Move to limit the pre-sale of flats 'will fail'
Guangzhou government's latest price curb on new expensive homes is unlikely to dampen the city's booming market, analysts predict
The Guangzhou government's latest measure to restrict the number of flats in pricey projects that can be sold before they are completed is likely to do little to further dampen that city's property market, according to analysts.
The Guangzhou Land and Housing Bureau last week announced on its microblog that it had "implemented timely measures to control the pre-sale scale and the transaction pace of abnormally high-priced residential projects" in the city centre.
This is the first time a mainland government has publicly announced limits on the so-called pre-sale market, but the bureau gave no specifics.
Like other local governments across the mainland, Guangzhou must approve the proposed selling prices of flats, which in itself helps keep a lid on the property market.
"Sales of high-priced projects in the central district have been on the rise recently, which has boosted the percentage share of expensive flat sales, thus causing a structural increase in the average selling price for the entire city," the bureau said last week.
It said the prices of some high-end residential projects near Pearl River New City and other urban areas were too high.
These yet-to-be-completed projects drew some buyers before the official sales started. Once those sales began, the effect was to push the city's average home price to an abnormally high level, which "leads to unusual fluctuation and misleads the market", the government said.
The rise in the price of new flats in Guangzhou, according to agents, is not due to a change in the market but is because the projects themselves are located in prime areas that make them expensive.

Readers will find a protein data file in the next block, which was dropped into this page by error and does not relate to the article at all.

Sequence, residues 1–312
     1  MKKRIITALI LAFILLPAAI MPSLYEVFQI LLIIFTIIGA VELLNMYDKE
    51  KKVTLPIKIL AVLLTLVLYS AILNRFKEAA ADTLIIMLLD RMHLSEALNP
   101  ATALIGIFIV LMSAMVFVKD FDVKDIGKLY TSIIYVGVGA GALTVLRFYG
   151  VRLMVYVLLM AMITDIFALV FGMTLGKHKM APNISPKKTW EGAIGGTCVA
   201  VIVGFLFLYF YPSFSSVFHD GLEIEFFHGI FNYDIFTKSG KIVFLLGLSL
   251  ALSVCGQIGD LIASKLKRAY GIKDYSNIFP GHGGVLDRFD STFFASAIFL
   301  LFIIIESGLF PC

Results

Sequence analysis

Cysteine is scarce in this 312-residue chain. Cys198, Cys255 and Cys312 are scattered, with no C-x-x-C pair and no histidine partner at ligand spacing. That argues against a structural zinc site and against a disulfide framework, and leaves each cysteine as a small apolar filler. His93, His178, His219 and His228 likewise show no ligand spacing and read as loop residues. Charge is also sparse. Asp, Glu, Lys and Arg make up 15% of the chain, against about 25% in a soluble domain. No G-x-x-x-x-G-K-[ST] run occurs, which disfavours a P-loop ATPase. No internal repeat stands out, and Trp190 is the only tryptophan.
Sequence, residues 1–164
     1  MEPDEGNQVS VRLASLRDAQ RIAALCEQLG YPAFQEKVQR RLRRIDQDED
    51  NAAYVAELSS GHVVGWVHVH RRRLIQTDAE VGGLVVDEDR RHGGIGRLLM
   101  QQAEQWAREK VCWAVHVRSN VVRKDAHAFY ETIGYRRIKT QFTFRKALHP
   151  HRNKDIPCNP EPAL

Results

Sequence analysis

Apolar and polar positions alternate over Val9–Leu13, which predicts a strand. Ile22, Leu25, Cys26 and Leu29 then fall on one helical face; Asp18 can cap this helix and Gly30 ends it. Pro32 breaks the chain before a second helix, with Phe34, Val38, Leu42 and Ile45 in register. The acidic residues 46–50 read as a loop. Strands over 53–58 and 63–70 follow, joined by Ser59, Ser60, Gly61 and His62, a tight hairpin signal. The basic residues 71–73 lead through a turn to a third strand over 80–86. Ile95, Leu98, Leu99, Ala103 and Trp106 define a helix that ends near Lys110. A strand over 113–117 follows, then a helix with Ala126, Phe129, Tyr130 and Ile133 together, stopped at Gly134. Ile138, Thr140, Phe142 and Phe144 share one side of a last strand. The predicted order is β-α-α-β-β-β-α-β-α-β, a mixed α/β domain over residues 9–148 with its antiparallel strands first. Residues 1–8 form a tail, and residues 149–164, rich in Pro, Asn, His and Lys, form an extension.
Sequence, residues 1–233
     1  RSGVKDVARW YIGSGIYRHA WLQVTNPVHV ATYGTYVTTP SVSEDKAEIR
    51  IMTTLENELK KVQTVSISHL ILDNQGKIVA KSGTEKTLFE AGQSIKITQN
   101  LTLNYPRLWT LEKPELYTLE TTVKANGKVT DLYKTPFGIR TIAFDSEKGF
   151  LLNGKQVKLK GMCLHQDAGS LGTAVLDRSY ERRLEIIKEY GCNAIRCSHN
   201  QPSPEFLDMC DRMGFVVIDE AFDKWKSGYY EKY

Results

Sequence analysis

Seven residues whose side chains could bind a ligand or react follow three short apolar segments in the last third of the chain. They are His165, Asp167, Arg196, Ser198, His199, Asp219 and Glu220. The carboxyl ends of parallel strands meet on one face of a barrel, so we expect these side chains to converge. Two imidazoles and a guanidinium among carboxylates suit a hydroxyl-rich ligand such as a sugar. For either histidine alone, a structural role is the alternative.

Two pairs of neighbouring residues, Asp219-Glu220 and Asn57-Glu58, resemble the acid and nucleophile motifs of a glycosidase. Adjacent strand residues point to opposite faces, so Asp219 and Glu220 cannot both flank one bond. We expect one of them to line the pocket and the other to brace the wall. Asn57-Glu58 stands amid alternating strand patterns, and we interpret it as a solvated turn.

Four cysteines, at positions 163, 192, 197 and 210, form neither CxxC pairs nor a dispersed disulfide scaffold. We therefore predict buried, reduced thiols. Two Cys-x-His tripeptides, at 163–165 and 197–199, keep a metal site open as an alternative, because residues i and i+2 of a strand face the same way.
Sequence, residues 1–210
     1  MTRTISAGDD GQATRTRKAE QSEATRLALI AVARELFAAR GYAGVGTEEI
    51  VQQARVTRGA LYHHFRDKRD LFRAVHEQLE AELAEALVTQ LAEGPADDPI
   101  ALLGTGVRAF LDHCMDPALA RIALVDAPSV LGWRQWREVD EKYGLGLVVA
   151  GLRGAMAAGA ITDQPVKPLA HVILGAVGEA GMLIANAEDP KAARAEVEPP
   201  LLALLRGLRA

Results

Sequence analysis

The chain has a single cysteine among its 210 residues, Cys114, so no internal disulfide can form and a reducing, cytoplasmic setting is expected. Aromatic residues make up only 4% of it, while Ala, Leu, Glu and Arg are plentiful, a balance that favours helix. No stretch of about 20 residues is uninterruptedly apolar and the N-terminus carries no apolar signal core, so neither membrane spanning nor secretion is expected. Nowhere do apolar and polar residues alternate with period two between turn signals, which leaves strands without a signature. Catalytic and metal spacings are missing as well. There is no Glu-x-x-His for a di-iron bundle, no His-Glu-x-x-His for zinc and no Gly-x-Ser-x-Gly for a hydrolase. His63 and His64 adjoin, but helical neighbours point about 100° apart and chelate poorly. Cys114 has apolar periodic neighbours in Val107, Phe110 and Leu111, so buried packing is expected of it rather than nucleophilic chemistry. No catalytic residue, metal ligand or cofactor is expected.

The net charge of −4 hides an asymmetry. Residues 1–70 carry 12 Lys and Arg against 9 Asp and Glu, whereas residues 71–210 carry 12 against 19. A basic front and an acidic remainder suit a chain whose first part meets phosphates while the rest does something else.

Ellis Wong Hin-ming, a general manager at property agency Centaline Group's Guangzhou office, said some new flats in the Pearl River New City area were priced at 60,000 yuan (HK$73,400) to 70,000 yuan per square metre, compared with an average of 16,000 yuan for the entire city.
The units - between 200 and 300 sq metres - may cost 10 million yuan or more.
"I think the impact of the new control on the market will be small … because there are different policies in place already, and each city has similar restrictions," Wong said.
He said the Guangzhou government could tolerate a small number of transactions of expensive flats but not a large batch as that would artificially boost the average selling price.
He said surging home prices in the past few months also helped trigger the latest restrictions.
According to Centaline's deputy research manager, Qu Zhongqi, secondary home prices in Guangzhou climbed gradually from about 16,250 yuan per square metre in February to 17,343 yuan in August.
Both Wong and Qu believe the new policy was aimed at trying to dampen the market during the National Day holiday, which is a peak season for flat buying.
Alfred Lau, a property analyst at Bocom International, the investment banking unit of the Bank of Communications, also said the new policy of controlling the number of unfinished flats that could be sold might not spread to other cities where local governments, including in Guangzhou, must approve the proposed sale prices before flats officially went on sale.